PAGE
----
Accusations of terf-craft are siccing people who think they are being “progressive” on the same women who have always been sociopolitical targets in patriarchy: the women who speak out against it. Lesbians must be blamed for male violence against trans women, and for their suicides. This is McCarthyism; but don’t forget its much older persecutory model, the European witch-hunts. Women are condemned in the public square for magically causing harm from a remote distance, and therefore deserve to be vilified, shunned, and attacked in public.

What’s next, “scoring aboon the breath”, a Scottish phrase for punching or stabbing accused witches in the face, drawing their blood in order to break the “spell”? Or are we already there, as the bloody “I Punch Terfs” shirt suggests, and as the number of attacks on lesbians and feminists grows? When, at long last, will misogyny and sexist insults be taken seriously? When will the demonization and erasure of lesbians abate? It’s past time that good-hearted peope recognize the bigoted epithet TERF for the misogynist hate speech that it is and stop using it.
The SF Dyke March and National Center for Lesbian Rights ought to publish a retraction of their libel of the lesbians who were assaulted at the June 23 march. Both organizations failed in their responsibility to ensure safety to all lesbians and violated their own mission statements. They owe us an apology as well. The Bay Area Reporter (and any other queer media who picked up their “report”) broke the most basic principles of journalism. They simply reported the lies of the assailants as fact, instead of investigating and doing real reporting. The SF Public Library also bears some responsibility for fostering a climate that is hostile toward lesbians, in hosting the Degenderettes exhibit in all its toxic misogyny. The woman-hating is in full view, and it is unacceptable. It’s time to stop it.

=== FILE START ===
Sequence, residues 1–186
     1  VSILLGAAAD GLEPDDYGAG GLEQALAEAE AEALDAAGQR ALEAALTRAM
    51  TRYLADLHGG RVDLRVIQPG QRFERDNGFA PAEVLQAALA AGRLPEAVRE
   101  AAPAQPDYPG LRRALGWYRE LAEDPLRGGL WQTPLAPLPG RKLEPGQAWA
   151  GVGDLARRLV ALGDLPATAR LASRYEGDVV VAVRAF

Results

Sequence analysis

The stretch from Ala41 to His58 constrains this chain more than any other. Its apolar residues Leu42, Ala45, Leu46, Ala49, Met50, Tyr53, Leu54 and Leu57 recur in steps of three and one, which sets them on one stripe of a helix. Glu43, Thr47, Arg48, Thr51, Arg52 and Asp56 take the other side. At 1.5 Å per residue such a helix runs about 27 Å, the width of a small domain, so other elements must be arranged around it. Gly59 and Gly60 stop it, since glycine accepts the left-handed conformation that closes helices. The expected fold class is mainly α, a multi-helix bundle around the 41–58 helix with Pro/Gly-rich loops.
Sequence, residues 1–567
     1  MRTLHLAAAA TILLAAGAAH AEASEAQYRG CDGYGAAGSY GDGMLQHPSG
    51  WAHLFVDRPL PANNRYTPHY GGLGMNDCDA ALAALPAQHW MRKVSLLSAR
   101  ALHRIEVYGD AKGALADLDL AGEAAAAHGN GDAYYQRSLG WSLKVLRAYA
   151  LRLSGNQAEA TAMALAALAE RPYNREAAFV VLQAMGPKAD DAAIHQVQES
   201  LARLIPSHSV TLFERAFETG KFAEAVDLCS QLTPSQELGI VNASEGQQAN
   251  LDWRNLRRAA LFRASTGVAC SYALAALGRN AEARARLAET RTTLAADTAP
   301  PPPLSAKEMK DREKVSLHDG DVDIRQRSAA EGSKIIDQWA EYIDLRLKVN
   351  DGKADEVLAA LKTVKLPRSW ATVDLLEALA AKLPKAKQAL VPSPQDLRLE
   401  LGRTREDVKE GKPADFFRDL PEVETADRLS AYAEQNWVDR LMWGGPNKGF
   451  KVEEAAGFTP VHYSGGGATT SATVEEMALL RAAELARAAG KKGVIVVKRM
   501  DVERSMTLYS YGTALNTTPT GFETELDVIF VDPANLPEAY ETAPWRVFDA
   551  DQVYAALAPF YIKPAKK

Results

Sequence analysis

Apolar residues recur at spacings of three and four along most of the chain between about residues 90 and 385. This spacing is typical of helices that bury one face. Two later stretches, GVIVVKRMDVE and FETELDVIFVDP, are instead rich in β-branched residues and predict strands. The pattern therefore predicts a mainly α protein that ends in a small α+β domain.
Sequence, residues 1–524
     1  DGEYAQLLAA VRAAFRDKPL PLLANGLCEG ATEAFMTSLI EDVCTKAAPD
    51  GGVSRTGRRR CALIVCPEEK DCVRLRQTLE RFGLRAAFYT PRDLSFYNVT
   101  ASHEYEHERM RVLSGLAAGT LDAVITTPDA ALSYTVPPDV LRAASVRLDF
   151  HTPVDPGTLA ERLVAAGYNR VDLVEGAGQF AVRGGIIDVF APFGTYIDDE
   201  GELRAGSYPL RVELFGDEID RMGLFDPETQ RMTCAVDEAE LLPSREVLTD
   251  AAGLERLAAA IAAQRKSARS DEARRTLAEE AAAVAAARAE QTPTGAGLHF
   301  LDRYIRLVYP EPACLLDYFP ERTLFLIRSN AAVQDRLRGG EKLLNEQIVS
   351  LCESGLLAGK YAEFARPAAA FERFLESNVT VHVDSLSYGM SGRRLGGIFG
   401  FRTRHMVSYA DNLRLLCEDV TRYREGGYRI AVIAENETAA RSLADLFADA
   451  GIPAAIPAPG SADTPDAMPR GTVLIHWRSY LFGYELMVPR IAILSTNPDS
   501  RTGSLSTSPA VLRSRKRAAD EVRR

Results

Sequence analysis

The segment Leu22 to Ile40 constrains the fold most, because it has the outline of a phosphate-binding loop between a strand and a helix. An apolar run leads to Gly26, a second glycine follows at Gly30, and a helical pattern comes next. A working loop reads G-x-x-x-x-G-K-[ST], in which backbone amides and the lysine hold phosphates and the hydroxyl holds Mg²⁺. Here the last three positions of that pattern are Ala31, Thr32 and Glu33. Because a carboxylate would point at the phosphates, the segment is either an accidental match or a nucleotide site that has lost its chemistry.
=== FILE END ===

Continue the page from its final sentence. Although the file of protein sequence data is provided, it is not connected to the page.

(1) Lupron is a chemotherapy drug used first in prostate cancer, then for endometriosis and uterine fibroids. It has come into wide off-label use on children as a puberty blocker. Among the side effects are severe bone and joint pain, swelling and other inflammatory responses, headaches, depression, memory loss, anxiety, hypertension, sweating, nausea, vaginal bleeding or discharge, pain in breasts, testicles, chest, stomach and abdomen, and abnormalities in liver, vision, and thyroid, among many others. See https://www.rxlist.com/lupron-side-effects-drug-center.htm Another study of Lupron’s effects on adult women (who unlike preteens had already completed their neurological development and bone growth): https://www.nwhn.org/lupron-what-does-it-do-to-womens-health/